Nearly a year in office, President Duterte continues to confound.
After he arrived from Russia, the President said that “Russia is a true friend.” The question is: why, how, is Russia a “true friend?”
There is absolutely no significant history that existed or exists between the Philippines and Russia, such as a highly preferred status given to the Philippines in terms of export, trade and commerce or even a mutual security arrangement beneficial to both.
Common wisdom dictates that before a country can be considered a “true friend,” there must have been some prior or prevailing shared experience between them that has meaningfully further uplifted their good relationship. For example: a shared history of trials and triumphs, a unique kind of cooperation incomparable with any other country, and/or a consistent pattern of mutual assistance preserved throughout the years.
Is this true-friend-pronouncement anchored on the “pledges” Russia promised? But we must remember that the measure of effectivity of these financial promises is the degree of foreign direct investment (FDI) actually flowing into the country. Are the massive Russian FDI’s already here? Or is this most-favorable attribution to Russia a result of President Putin being the idol of President Duterte? If so, is gut-feel the new paradigm in Philippine foreign relations?
Also, in his statement regarding the Marawi crisis, he said: “You know, I have always maintained that my duty, my sacred duty to preserve and defend the Filipino does not emanate from any constitutional restriction.”
But, as a lawyer, he should know that his authority as President has been vested by the people. The Chief Executive’s powers are only those specified or clearly inferred from the Constitution drawn up by the Filipino people he serves. The President cannot go against the Filipino people. Neither can he go beyond or against these constitutional restrictions. Just like any other citizen of the Republic, the President cannot be above the law. The rule of law must prevail.
For instance, in the absence of rebellion or invasion, when public safety requires, President Duterte cannot impose martial law on his own belief that the nation is in dire peril. He has no authority even as the highest officer of the land to do so. However, he can call on the Armed Forces of the Philippines and the Philippine National Police and give strong directives to quash the culprits and bring them to justice — a lesser remedy but which, under the circumstances, may be equally effective.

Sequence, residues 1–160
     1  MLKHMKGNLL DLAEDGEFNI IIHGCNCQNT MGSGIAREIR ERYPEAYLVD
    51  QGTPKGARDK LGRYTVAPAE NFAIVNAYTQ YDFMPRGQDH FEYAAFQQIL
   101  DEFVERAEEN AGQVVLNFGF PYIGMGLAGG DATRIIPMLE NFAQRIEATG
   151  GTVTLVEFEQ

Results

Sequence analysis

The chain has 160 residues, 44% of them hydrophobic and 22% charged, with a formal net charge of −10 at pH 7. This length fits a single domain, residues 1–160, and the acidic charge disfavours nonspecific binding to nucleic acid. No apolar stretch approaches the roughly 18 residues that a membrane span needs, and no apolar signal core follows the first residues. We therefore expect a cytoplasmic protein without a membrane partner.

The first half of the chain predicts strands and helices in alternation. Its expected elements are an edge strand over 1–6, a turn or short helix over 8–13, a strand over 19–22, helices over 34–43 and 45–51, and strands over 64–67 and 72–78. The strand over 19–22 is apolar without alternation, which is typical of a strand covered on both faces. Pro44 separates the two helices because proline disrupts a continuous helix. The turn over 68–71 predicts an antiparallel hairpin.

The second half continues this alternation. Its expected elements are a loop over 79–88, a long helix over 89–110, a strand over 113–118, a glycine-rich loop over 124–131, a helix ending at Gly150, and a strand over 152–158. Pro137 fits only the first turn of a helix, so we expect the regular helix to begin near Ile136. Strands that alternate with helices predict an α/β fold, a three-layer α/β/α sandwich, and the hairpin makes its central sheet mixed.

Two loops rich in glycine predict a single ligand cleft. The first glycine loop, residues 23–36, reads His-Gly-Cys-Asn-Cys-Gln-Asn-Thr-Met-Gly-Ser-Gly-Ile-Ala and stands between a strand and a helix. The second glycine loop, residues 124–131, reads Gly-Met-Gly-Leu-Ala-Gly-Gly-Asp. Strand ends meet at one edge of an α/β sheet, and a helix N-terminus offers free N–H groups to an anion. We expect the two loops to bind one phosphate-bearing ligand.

President Duterte’s 16,000,000, more or less, plurality (not majority) votes in the May 2016 election can never justify unconstitutional choices and orders. It does not give the President the license to evade and disregard the rule of law.
Also, regarding the Marawi crisis, President Duterte said: “It is in my oath of office. I beg to disagree with anyone. In this oath of office … I promised to God and to the people that I will protect and defend the country.”
But the President should be reminded that he campaigned under the mandate of the 1987 Freedom Constitution. Without it, he would not have been the President. When he took the oath of office as President, he solemnly swore that he will “faithfully and conscientiously” “preserve and defend the Constitution, execute its laws, do justice to every man.” Defending the Constitution means observing strictly presidential duties and limitations so that no abuse can occur. The President is not a ruler. He is not king. Sovereignly does not reside in the President. It resides in the people.
So, if the Supreme Court rules that the Martial law declaration is so expansive as to be considered a grave abuse of discretion by the President and orders that such declaration either be narrowed down or be rescinded all together, President Duterte has no choice but to follow such a ruling. That is the command of the Constitution. Decisions of the Supreme Court are considered part of the law of the land which the President is mandated to “faithfully and conscientiously” execute.
Recently, in President Duterte’s meeting on May 26, 2017 with soldiers of the Second Mechanized Brigade of the Philippine Army in Iligan City, he jokingly said that, in the implementation of Martial Law, “kung maka-rape ka ng tatlo, aminin ko na akin ‘yun.” This is a very bad joke.
Soldiers must be reminded that under Section 7(1)(g) of the International Criminal Court (ICC) Statute of which the Philippines is a state-party, RAPE committed during armed-conflict is a crime against humanity. Soldiers must not commit rape during war or at any time. They should be advised not to listen to this kind of talk, whether uttered seriously or by way of a jest.
This distasteful remark has only generated comments like: what is the matter with this man joking about RAPE during conflict? How can the President go so low in his attitude toward women, especially in areas of conflict? What does he think of our soldiers — lustful people pruriently craving to have forced sex on helpless women with impunity in times of armed conflict? These are not joking-matters.
The kind of presidential responses or utterances at any time, but especially during a crisis, contribute to a country’s level of equanimity. A perplexing approach to foreign relations and the trouble in Marawi City are very discomforting to the public. They are destabilizers.
Time and again, many have given unsolicited but justified advises to the President to be more careful, deliberate and sensitive in his statements. But more often than not, these constructive criticisms seemed to be met with castigation, curses, and threats. Be that as it may, as concerned citizens, people must continue to make these unsolicited advices, these constructive criticisms.
Who knows? Someday, the President might just heed your suggestions.